Moonport: A History of Apollo Launch Facilities and Operations

Whys and Wherefores of Lightning

The strike on Apollo 12 led to another study of lightning protection, this one focusing on the atmospheric conditions that might threaten a launch. At a meeting of the American Geophysical Union in December 1969, experts discussed the incident and offered NASA some observations. The scientists generally agreed that Apollo 12 triggered the lightning discharges. There were no other signs of lightning or thunder for six hours before and six hours after the launch. However, readings on electrical field meters in the Cape area indicated disturbed weather conditions. Apparently Apollo 12 had entered an electrical cloud and distorted the field sufficiently for breakdown to occur. The 110-meter space vehicle and its 500-meter ionized exhaust plume then formed an excellent conductor. The space vehicle had probably triggered a lightning stroke from an electrified cloud incapable of producing lightning on its own. Although the launch vehicle's design incorporated safeguards against electrical discharges, lightning could damage components in the spacecraft such as solid-state electronic devices. The Apollo 12 experience prompted NASA officials to reexamine the space vehicle and the weather criteria for a launch.19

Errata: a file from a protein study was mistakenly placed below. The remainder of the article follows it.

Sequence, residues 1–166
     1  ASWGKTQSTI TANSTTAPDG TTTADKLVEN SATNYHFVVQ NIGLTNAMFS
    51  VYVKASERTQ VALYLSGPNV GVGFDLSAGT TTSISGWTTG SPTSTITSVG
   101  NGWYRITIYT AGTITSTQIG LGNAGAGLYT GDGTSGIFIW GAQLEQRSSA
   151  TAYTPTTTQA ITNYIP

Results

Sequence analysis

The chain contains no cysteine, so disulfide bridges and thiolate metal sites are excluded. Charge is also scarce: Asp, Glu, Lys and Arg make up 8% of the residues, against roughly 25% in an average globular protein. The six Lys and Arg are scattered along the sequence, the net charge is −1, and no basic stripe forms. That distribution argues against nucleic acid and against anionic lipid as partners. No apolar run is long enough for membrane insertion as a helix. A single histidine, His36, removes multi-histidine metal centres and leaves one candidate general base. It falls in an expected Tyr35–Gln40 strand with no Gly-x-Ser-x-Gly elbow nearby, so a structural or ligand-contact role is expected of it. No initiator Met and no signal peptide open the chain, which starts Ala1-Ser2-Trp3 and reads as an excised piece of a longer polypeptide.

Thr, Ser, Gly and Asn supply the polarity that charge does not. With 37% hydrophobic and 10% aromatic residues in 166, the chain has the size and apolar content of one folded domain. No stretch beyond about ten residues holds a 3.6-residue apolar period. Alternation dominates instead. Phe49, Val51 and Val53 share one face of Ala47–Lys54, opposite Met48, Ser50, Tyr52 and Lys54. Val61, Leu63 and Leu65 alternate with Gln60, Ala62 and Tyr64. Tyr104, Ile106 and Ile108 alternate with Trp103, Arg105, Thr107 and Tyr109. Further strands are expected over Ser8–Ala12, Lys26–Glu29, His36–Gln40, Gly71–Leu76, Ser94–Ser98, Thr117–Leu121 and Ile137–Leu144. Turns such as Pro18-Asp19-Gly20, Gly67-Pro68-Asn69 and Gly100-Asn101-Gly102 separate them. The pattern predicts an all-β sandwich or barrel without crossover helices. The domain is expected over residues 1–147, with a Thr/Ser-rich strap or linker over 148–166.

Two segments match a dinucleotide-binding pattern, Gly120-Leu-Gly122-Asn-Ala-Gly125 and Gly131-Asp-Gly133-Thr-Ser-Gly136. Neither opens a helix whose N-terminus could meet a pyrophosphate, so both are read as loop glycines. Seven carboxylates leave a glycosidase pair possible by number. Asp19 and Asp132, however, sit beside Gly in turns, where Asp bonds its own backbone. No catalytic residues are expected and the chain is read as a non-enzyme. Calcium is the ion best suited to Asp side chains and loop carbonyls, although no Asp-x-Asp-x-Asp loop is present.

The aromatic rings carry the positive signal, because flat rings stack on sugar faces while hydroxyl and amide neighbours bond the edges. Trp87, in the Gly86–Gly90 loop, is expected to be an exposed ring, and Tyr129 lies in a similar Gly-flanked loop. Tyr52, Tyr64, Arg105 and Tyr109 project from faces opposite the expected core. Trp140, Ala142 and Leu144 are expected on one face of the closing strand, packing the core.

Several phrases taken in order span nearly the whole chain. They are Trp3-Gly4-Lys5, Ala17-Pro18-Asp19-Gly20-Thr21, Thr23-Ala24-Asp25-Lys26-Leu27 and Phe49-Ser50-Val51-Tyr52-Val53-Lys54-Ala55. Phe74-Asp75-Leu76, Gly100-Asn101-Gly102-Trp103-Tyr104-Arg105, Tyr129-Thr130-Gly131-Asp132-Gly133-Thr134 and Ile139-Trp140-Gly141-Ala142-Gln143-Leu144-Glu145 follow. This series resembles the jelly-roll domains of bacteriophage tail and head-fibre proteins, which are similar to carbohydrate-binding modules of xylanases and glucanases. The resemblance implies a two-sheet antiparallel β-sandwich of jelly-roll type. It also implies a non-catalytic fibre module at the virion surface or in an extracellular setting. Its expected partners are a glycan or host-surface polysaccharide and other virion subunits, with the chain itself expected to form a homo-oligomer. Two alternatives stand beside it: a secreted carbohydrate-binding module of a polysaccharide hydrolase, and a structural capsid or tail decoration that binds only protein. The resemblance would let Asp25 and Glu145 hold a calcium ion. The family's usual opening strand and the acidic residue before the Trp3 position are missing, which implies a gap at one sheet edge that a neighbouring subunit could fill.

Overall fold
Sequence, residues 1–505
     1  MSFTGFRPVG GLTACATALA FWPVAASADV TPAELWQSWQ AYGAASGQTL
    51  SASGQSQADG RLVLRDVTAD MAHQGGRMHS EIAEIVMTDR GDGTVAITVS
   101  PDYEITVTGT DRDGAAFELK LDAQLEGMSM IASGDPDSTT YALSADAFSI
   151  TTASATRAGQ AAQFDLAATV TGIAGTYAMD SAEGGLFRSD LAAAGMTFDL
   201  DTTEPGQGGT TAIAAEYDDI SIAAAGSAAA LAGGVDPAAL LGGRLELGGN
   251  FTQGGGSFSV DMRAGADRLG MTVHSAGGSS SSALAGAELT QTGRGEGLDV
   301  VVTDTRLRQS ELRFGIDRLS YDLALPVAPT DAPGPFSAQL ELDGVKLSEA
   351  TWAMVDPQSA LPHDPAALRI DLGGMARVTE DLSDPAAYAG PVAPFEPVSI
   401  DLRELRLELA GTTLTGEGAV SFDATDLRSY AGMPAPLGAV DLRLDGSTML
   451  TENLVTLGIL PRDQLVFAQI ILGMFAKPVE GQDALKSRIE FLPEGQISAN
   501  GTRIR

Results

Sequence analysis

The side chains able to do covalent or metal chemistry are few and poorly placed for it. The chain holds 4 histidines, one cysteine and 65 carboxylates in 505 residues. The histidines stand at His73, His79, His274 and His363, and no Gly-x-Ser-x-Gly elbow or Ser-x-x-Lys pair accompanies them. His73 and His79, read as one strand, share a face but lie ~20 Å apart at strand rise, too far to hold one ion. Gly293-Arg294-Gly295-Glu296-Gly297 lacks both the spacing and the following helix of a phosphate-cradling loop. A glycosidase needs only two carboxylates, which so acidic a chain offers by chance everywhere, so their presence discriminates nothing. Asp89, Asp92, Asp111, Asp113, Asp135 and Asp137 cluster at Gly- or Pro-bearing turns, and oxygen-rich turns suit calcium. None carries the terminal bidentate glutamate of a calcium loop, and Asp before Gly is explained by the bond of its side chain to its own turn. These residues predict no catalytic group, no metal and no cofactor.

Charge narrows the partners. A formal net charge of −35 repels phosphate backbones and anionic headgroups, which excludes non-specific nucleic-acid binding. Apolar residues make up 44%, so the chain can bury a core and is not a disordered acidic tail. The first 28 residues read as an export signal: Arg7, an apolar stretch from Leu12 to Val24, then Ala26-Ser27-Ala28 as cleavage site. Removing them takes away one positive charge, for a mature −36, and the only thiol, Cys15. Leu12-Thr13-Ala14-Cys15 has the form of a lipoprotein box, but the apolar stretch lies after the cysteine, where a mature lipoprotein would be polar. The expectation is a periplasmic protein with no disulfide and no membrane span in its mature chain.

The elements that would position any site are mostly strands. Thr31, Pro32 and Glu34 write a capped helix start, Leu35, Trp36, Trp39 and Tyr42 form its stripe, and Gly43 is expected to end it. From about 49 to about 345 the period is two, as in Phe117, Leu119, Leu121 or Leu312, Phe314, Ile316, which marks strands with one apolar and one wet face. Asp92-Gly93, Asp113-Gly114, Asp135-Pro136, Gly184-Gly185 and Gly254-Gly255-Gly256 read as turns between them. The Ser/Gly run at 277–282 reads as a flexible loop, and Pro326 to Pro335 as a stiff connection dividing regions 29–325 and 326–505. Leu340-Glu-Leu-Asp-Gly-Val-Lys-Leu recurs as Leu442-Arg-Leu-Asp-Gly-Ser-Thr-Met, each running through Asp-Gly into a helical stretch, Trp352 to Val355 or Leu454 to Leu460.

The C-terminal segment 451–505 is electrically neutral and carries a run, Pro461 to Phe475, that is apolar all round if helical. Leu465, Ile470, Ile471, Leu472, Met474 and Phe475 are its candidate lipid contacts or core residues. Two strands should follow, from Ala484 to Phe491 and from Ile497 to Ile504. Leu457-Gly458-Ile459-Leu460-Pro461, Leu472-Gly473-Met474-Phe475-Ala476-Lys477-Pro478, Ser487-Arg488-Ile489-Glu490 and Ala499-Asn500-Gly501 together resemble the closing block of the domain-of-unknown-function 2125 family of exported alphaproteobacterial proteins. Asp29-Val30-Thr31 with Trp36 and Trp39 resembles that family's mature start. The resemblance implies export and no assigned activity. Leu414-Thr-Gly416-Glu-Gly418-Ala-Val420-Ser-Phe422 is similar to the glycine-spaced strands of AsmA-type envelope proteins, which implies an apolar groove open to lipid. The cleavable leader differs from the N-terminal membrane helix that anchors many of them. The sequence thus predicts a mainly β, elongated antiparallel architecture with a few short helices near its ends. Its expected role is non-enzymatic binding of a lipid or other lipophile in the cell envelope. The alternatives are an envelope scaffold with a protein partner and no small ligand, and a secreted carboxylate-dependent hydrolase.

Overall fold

The lightning investigation team opposed any modifications to the spacecraft. They recommended, instead, further launch restrictions to reduce the possibility of touching off another lightning strike. The new "severe weather restrictions" appeared in the launch rules for Apollo 13. The space vehicle would not be launched if the nominal flight path would carry the vehicle within 8 kilometers of a thunderstorm, through cold-front or squall-line clouds, or through cumulus clouds with tops at 3,050 meters or higher.20 The additional weather limitations would have a moderate effect on winter and spring launchings; in those seasons, high winds would more often cause delays. On a February afternoon, the probability of delay would increase from 10% to 18% with the new restrictions. In the summer, the probability of a scrub would jump from 3% to 18%. Despite the new rules, the odds for acceptable weather were still better than nine out of ten for most three-hour launch windows.21